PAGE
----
A type of cancer that affects the protective membrane around the body’s internal organs (the mesothelium). It often occurs in the membranes of the lungs (pleura).
A membrane that lines the chest cavity (pleura) and abdominal cavity (peritoneum) and surrounds the heart (pericardium).
The chemical process by which food is changed into energy in the body.
The substance produced when food or drugs are broken down in the body.
metastasis (plural: metastases)
Cancer that has spread from a primary cancer in another part of the body. Also called secondary cancer.
metastatic neck cancer with unknown primary
Cancer that is found in the lymph nodes of the neck but the primary location cannot be located.
Cancer cells that have just broken through the bottom layer of the surface of the cervix.
Surgery on very small structures of the body using miniature instruments under a microscope.
Surgical access to the nasal cavity or sinuses using a cut under the upper lip.
Techniques that help people address emotional issues and other problems that have a mental component, such as anxiety, depression, stress and pain.
A highly processed and refined colourless and odourless oil used by some massage therapists.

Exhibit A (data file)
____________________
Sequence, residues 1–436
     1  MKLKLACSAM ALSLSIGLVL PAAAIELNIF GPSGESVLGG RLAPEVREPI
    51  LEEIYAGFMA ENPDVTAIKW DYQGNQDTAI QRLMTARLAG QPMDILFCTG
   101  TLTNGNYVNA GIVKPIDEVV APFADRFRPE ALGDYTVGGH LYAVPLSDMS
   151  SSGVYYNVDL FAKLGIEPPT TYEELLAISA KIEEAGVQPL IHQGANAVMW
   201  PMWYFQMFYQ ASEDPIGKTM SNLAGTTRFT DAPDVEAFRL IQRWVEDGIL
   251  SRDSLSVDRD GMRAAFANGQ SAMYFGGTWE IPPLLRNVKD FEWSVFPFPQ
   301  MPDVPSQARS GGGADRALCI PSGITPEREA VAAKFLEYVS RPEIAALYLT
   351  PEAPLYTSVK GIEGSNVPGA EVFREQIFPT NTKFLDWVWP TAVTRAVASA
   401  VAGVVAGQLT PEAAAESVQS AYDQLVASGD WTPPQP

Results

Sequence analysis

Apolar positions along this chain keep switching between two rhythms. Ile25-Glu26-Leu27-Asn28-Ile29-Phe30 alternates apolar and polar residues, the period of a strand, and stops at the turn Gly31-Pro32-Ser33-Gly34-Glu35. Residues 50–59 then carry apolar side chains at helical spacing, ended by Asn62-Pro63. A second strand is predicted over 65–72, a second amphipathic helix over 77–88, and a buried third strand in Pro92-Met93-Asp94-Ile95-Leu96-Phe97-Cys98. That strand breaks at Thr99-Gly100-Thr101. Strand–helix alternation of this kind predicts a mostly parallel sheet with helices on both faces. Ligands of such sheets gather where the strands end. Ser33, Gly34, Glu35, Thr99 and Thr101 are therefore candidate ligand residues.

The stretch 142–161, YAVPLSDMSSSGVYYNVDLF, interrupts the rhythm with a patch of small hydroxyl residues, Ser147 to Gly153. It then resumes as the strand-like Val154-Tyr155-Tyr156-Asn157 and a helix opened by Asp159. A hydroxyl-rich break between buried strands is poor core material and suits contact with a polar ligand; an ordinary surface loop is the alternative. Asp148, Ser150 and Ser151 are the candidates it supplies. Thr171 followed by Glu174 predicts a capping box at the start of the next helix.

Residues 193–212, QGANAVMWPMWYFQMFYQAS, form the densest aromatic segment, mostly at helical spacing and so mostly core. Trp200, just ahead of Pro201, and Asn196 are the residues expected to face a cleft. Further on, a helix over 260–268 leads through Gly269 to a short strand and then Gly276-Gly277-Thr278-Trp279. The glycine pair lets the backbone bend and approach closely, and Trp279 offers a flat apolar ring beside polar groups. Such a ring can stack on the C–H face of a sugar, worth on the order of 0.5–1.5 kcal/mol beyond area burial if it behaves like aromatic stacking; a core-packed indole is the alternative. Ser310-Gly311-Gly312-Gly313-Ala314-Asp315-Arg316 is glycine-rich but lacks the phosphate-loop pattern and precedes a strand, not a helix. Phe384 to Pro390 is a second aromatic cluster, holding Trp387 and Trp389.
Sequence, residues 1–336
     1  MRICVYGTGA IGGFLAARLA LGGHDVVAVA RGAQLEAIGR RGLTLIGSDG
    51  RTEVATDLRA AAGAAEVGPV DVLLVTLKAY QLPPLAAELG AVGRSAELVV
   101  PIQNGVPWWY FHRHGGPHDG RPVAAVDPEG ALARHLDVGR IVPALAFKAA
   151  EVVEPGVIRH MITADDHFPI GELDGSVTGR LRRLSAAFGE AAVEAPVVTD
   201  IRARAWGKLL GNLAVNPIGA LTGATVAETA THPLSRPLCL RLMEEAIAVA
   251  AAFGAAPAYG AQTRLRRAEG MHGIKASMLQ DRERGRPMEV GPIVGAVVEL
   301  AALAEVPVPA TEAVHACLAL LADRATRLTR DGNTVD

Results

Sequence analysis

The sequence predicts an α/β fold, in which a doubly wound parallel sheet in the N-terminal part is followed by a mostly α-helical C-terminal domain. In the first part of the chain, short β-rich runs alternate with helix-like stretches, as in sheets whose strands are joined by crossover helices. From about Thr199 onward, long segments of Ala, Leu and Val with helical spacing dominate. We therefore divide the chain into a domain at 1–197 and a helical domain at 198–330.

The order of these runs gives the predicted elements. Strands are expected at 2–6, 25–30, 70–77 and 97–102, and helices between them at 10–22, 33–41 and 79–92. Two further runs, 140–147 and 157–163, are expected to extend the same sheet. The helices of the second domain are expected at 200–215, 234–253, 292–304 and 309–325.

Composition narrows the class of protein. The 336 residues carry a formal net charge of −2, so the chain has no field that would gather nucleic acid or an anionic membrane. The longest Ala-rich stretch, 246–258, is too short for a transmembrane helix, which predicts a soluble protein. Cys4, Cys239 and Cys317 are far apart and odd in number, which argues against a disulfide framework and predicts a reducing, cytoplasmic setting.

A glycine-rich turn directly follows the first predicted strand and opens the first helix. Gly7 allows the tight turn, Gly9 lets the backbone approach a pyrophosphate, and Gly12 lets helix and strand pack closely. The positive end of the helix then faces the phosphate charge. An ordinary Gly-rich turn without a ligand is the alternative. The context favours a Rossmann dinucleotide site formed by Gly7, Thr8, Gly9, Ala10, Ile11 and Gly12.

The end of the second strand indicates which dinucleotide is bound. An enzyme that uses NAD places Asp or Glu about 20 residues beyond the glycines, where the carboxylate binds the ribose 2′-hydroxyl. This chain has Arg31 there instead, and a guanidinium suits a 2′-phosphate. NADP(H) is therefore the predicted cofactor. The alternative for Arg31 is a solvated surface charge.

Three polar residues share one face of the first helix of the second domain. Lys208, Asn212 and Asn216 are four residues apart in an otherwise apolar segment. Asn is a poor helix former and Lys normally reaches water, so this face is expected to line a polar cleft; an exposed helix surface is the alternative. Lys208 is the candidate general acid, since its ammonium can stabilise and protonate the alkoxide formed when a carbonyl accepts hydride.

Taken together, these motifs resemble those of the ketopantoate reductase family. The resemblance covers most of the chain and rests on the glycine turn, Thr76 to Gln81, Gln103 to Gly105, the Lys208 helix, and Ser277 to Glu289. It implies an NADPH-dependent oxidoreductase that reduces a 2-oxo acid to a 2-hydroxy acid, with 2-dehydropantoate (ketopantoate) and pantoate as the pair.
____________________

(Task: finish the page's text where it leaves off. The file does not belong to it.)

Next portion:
Components of food that are essential for the body (similar to vitamins). Examples include iron, calcium and magnesium.
minimally invasive surgery
A surgical technique that involves several small cuts instead of one large cut on the abdomen. Also called keyhole or laparoscopic surgery.
minimal residual disease (MRD)
Small number of leukaemia cells left behind after treatment.
See reduced intensity stem cell transplant.
A type of brain tumour.
Activity that isn’t too hard, but is hard enough to be of benefit. Breathing and heart rate increase during moderate intensity activity.
Specialised surgery to remove skin cancers one segment at a time until only healthy cells remain. Also called microscopically controlled excision.
Laboratory research that focuses on discovering which genes are responsible for certain diseases and how the disease develops.